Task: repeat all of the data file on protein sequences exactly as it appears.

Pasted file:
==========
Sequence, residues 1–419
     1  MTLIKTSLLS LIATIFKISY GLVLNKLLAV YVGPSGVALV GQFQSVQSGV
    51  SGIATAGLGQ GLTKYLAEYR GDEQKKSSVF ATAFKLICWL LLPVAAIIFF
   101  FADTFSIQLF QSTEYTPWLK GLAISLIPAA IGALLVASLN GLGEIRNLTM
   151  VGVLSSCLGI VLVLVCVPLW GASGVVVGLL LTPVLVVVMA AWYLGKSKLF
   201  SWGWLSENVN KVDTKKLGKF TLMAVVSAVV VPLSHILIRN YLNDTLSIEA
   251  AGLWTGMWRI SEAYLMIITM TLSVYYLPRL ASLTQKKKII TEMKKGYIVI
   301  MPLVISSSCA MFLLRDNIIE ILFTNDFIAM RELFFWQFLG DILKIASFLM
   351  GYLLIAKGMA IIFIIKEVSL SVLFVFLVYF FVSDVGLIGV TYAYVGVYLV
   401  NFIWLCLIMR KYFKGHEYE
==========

Sequence, residues 1–419
     1  MTLIKTSLLS LIATIFKISY GLVLNKLLAV YVGPSGVALV GQFQSVQSGV
    51  SGIATAGLGQ GLTKYLAEYR GDEQKKSSVF ATAFKLICWL LLPVAAIIFF
   101  FADTFSIQLF QSTEYTPWLK GLAISLIPAA IGALLVASLN GLGEIRNLTM
   151  VGVLSSCLGI VLVLVCVPLW GASGVVVGLL LTPVLVVVMA AWYLGKSKLF
   201  SWGWLSENVN KVDTKKLGKF TLMAVVSAVV VPLSHILIRN YLNDTLSIEA
   251  AGLWTGMWRI SEAYLMIITM TLSVYYLPRL ASLTQKKKII TEMKKGYIVI
   301  MPLVISSSCA MFLLRDNIIE ILFTNDFIAM RELFFWQFLG DILKIASFLM
   351  GYLLIAKGMA IIFIIKEVSL SVLFVFLVYF FVSDVGLIGV TYAYVGVYLV
   401  NFIWLCLIMR KYFKGHEYE